Continuing on the siren archetype, she offers the Beats salvation and redemption for the world they’ve inherited. That’s what Norman Fucking Rockwell is about. She writes,
And who I’ve been is with you on these beaches
Your Venice bitch, your die-hard, your weakness
Maybe I could save you from your sins
Understanding the pain of the Western man and offering comfort, true comfort. She continues in the album with the lyrics,
You don’t ever have to be stronger than you really are
When you’re lying in my arms, and, honey
You don’t ever have to act cooler than you think you should
You’re brighter than the brightest stars
While I ponder any form of how to conclude this, I am a Beat. I am a right-wing hippie. I care not for the politic that is squabbled over on a daily basis. I rarely know what is being discussed on the timeline of Twitter. I have made lifelong friends. I care for liberty, romance; I care for brotherhood, friendship, and authenticity,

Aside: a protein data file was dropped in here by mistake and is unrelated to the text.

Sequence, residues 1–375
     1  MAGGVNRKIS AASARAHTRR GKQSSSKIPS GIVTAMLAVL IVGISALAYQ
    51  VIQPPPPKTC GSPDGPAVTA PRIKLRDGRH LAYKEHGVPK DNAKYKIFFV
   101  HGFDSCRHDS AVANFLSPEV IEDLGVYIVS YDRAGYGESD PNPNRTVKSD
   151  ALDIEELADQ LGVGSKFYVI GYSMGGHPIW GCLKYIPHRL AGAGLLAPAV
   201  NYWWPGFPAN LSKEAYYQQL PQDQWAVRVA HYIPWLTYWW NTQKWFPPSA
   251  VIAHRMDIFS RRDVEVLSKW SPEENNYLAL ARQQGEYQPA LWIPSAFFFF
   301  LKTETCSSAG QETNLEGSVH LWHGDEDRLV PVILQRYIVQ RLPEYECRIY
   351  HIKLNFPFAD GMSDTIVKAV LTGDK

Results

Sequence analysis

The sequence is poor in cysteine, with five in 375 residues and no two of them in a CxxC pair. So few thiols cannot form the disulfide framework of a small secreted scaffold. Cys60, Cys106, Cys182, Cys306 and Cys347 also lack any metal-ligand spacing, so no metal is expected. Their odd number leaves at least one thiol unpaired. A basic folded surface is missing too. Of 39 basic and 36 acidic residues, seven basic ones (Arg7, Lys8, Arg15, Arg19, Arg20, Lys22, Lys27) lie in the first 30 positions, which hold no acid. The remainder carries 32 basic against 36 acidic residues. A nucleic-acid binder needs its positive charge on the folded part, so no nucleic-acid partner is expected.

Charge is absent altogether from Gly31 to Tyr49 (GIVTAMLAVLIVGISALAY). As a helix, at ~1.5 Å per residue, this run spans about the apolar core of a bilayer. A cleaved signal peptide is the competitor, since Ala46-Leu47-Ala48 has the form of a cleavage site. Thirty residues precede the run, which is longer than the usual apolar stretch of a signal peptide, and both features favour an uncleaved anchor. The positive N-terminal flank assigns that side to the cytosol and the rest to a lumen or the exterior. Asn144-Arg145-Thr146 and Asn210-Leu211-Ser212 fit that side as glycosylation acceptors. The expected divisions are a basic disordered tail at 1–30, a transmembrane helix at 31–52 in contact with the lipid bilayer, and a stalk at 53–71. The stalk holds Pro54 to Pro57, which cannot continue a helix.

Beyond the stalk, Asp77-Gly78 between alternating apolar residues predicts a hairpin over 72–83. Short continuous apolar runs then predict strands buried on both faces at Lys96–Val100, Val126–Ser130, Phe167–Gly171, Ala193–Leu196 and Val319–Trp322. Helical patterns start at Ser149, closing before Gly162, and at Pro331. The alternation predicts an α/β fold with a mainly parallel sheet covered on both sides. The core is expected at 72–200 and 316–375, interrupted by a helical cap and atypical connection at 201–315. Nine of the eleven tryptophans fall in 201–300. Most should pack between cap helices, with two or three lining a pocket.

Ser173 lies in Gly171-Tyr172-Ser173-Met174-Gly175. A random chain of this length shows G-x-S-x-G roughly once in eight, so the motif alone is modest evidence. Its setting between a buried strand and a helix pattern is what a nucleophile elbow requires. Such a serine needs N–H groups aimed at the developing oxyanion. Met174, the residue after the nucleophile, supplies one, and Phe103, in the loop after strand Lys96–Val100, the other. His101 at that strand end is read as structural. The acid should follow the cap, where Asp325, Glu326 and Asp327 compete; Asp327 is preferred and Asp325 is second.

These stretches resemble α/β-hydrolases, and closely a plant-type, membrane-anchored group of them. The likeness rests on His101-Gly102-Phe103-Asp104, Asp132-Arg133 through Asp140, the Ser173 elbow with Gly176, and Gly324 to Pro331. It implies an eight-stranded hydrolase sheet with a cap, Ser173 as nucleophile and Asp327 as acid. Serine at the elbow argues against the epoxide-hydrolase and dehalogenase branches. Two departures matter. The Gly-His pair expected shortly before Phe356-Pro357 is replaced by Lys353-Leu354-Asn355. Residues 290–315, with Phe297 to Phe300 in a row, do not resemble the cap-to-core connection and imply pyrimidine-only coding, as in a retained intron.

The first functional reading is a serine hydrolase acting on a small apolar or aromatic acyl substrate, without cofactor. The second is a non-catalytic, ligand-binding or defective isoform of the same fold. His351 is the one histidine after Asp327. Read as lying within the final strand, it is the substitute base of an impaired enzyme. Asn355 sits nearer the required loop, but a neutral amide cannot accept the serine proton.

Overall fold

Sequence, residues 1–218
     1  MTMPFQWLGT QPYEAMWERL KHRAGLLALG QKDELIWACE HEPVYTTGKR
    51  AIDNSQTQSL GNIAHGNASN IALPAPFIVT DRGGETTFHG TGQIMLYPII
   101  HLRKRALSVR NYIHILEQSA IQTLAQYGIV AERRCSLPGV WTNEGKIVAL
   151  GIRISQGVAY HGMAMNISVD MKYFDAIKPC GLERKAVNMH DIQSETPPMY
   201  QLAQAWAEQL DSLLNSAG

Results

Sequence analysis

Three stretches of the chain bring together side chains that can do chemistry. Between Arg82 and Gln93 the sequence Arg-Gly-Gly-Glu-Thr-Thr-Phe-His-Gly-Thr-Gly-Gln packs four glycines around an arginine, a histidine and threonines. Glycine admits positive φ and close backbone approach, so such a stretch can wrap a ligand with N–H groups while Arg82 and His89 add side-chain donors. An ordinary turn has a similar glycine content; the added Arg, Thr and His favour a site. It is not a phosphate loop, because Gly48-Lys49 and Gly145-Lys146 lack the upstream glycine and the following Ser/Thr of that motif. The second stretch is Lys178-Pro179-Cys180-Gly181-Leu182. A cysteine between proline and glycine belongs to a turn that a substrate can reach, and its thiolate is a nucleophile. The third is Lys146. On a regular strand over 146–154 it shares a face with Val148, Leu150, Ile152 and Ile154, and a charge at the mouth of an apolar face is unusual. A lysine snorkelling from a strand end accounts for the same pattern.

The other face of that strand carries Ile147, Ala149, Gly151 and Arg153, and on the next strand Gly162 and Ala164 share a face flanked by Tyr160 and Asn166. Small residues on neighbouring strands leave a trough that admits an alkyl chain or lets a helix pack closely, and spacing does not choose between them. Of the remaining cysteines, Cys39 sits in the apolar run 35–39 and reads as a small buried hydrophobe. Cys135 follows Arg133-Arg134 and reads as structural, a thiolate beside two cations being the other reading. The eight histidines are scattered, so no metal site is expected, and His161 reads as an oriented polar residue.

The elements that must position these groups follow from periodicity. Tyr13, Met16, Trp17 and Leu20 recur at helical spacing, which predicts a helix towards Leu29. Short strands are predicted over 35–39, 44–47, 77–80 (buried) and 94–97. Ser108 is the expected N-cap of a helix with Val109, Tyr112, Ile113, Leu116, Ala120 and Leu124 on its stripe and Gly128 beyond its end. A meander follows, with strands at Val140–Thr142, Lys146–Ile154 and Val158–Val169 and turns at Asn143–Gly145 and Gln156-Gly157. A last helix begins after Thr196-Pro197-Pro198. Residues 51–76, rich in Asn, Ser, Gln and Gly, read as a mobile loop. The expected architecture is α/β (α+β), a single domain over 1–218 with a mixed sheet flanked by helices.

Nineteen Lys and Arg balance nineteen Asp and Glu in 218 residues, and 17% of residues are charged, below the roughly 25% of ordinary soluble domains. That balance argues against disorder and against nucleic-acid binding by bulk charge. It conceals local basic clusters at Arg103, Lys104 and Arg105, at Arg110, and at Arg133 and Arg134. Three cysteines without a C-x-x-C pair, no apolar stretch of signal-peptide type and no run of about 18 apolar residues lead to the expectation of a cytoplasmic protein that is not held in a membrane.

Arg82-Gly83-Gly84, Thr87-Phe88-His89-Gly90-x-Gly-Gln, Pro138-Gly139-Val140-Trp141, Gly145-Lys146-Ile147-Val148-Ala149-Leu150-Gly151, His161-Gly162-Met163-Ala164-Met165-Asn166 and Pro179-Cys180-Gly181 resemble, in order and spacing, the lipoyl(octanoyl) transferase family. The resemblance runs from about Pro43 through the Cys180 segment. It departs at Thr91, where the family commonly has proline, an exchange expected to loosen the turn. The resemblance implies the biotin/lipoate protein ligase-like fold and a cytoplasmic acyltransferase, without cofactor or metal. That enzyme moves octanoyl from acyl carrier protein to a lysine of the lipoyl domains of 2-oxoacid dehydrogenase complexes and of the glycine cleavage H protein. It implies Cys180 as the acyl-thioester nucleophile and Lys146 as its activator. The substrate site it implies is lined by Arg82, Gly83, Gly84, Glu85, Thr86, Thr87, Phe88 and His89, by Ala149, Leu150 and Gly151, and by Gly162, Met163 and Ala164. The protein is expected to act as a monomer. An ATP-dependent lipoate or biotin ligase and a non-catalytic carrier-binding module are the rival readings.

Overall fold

And there are many like me, throughout time; we are beyond tradition, and we are right-wing. We are the spiritual dynamo that shifts the Right’s divine authority to creative and explosive alterations.
The Beat is not an idealist; rather the Beat sees the ideal, but understands what needs to be done to arrive at that utopia. Who amongst us has the will to power to deliver Arcadia?